#7: God bless our friends.

Whether we navigated our relationships through Zoom, phone calls, or “drive-by-visits,” each of us (hopefully) have learned just how valuable friendships are. Our families obviously provide us with meaningful relationships, but the pandemic has proven just how critical the difference is between family and friends: Sometimes, we need connections outside our bloodlines. It’s healthy, it’s what makes us “social.” Simply put, friends present the peaceful divide from “relationships with responsibilities” to just “relationships.”

#6: God bless democracy.

Whether politics stress you out, invigorate you, or whatever, I’m grateful we have the opportunity to vote for elected officials. While our democracy continues to be threatened by vilifying opposing parties, we can still act. We can still speak-up. The more of us that do so (respectfully, with dignity, and honesty), the more healthy our democracy will become.

#5: God bless the outdoors. 

Sometimes, we need to get out to get close. Since the pandemic, I’m not picky about what defines “the outdoors.” Anything outside works for me. Seriously. Walking outside for a deep breath and just experiencing the weather (whatever that may be) is so valuable. We live in a beautiful world. Regardless if you’re in the suburbs, the city, or our the country, take a step outside and soak it in.

Deep breaths paired with an acute focus of the sights and sounds of our surroundings is a gift.

#4: Optimism still wins.

Optimism has never just been about “looking on the bright side of things,” optimism has been about belief. We live in strange times where our beliefs are challenged, disputed, and even disrespected. Yet, through it all, the only belief of value is optimism. However, believing things can work out is only half of it. The other half is acting on that belief. Noam Chomsky said,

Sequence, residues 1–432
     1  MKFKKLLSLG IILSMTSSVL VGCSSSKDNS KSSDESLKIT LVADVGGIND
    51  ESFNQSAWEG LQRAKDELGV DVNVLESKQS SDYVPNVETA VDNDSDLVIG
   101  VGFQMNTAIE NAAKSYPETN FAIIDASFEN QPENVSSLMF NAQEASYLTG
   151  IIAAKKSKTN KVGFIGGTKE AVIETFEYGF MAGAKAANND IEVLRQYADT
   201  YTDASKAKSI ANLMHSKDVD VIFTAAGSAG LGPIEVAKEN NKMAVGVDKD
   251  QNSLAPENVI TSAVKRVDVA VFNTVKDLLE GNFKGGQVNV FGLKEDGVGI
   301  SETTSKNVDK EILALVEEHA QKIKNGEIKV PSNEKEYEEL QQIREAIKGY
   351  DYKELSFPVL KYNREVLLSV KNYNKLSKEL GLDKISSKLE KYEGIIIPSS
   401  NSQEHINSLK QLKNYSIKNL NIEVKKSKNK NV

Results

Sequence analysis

“Optimism is a strategy for making a better future. Unless you believe the future can be better, you are unlikely to set up and take responsibility for making it so.”

#3: Help kids.

While 2020 has been incredibly difficult for us adults, take a minute to imagine just how difficult it has been for our kids. I am confident that our kids are resilient and surprisingly strong little humans, but we’d be naive to think 2020 hasn’t left a significant imprint on their formative years. Now more than ever, take time to check-in and plug-in to our kids’ lives. They have been dealing with a lot of stuff and haven’t had many opportunities to get it out on the table. When kids don’t have opportunities to share their concerns or thoughts, they can internalize them. When kids internalize their concerns and thoughts, they can end-up “in their heads” and add to the already ever-present stress and anxiety of our modern world.

#2: Acceptance is the new Self-Care

Imagine two strings. One of these strings represents our expectations. The other represents our reality. The only road to individual wellbeing is how each of us can braid these two strings together in our lives. There’s nothing wrong with having expectations about what we wish would happen in our lives. Yet, if we don’t braid those expectations with our reality, we’re really just setting ourselves up to dissatisfaction, tension, and blah.

We need to accept ourselves, our circumstances, and our realities if we want to be well.

#1: Just keep swimming

Despite the experiences each of us have had in 2020, if you are reading this, you are here. I’m pretty sure you arrived to this point by simply putting one foot in front of the other. The practical, deliberate act of pressing forward during uncertain times cannot be underestimated. Take a moment to think of how you accomplished this. What self-talk strategies did you enlist to help you move forward? What encouragement have you received to help you move forward? What energy or value has powered your motor to press on? I would recommend taking note of these things not only so you can remember, but so you can share. So many of us may not have the strength at times to press on. Yet, so many of us have found a way. Share what you have found. Help others where you can and please,

Just keep swimming!